Ph.D. - University of Texas at Austin
M.Phil. - University of Cambridge
B.A. - Lake Forest College
Bryan Glass is a Lecturer in the Department of History. He holds a PhD from the University of Texas at Austin (2012). His dissertation, which is being turned into a monograph, investigates Scottish views towards the end of the British Empire following the Second World War. An article from this work, "Protection from the British Empire? Central Africa and the Church of Scotland," will be published in the Journal of Imperial and Commonwealth History in 2013. His larger interests lie in Britain’s interactions with the world from the seventeenth century to the present day. Bryan is also fascinated by the history of global piracy, a phenomenon that is still very much with us. He was a Visiting Scholar at the University of Edinburgh in the fall of 2010 and he has held two Dean’s Fellowships and a Dissertation Fellowship at the University of Texas at Austin.
Bryan is the founding member and General Editor of The British Scholar Society, a non-profit educational organization dedicated to investigating Britain’s interactions with the world from the seventeenth century to the present. In addition to founding the Britain and the World journal, which is published by Edinburgh University Press, Bryan serves as an Editor of the Britain and the World book series with Palgrave Macmillan.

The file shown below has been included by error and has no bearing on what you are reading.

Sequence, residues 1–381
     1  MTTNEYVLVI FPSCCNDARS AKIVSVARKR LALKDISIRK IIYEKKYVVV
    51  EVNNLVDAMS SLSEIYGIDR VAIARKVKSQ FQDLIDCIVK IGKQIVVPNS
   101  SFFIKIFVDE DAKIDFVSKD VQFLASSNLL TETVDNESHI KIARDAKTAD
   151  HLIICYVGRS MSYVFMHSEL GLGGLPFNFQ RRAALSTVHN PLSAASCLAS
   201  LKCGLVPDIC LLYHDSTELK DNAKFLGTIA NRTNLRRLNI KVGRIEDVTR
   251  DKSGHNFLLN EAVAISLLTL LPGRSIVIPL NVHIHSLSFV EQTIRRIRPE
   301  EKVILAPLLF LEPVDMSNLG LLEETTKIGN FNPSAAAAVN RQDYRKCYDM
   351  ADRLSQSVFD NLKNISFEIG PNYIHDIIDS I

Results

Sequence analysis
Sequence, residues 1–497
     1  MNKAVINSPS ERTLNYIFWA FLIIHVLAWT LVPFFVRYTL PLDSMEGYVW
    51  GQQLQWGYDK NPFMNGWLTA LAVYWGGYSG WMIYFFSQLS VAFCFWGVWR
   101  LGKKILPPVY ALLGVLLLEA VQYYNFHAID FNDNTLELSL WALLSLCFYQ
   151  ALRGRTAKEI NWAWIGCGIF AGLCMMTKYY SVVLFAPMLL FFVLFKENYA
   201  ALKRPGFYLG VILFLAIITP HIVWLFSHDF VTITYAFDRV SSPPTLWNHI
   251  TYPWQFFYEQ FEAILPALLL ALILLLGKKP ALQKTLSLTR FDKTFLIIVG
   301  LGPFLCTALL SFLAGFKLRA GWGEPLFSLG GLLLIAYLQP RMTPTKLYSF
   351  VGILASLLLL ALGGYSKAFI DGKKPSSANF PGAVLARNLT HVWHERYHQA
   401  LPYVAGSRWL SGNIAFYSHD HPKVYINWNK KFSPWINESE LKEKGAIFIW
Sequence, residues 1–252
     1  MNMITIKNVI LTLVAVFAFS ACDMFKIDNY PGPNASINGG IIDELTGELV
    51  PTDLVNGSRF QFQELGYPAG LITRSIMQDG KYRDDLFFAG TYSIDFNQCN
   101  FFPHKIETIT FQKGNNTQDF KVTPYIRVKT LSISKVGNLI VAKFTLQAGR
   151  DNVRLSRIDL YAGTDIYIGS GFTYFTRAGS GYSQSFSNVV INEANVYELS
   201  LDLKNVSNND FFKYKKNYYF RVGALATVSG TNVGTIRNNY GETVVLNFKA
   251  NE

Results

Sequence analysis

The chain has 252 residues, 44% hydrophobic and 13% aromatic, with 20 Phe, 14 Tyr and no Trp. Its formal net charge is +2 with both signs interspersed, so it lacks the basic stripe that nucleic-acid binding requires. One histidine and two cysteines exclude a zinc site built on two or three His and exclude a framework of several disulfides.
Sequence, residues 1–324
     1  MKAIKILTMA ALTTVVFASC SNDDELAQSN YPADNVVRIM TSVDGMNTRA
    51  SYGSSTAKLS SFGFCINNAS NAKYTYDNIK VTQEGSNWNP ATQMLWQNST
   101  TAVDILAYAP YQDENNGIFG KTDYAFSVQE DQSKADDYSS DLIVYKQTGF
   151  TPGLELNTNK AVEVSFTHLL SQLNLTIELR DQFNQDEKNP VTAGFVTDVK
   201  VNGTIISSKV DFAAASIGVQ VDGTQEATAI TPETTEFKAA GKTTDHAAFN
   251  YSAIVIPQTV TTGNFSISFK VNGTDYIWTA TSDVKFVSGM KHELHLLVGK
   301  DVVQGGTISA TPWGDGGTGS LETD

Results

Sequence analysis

HIST 1310: US History to 1877
A general survey of the history of the United States from its settlement to the end of Reconstruction.
HIST 2310: Western Civilization to 1715
A general survey of western civilization from earliest times to the end of the 17th century.
HIST 2320: Western Civilization, 1715 to Date
A general survey of world civilization from the 17th Century to the present.
HIST 4318S: Britain and the World:
From the seventeenth century onward, the histories of Britain and the world became increasingly intertwined. Yet mainstream British history still neglects the world’s influence upon domestic developments, and British overseas history remains largely confined to the study of the British Empire. This course takes a broader approach, investigating Britain’s interactions with the wider world from 1688 to the present.
HIST 4350S: Piracy through the Ages
An activity based on greed, and sometimes survival, piracy has existed since humans took to the seas. This course investigates the global history of piracy beginning with the Vikings. The history of piracy in the Caribbean, Asia, and the Mediterranean is covered and compared to the piracy of today.
HIST 4350Q: Pirates of the Mediterranean
This special-topics course explores the history and culture of smugglers in the eighteenth-century Mediterranean, and the challenges they posed for states' interests in the region. Emphasis is placed on eighteenth-century US diplomatic relations with the Barbary states.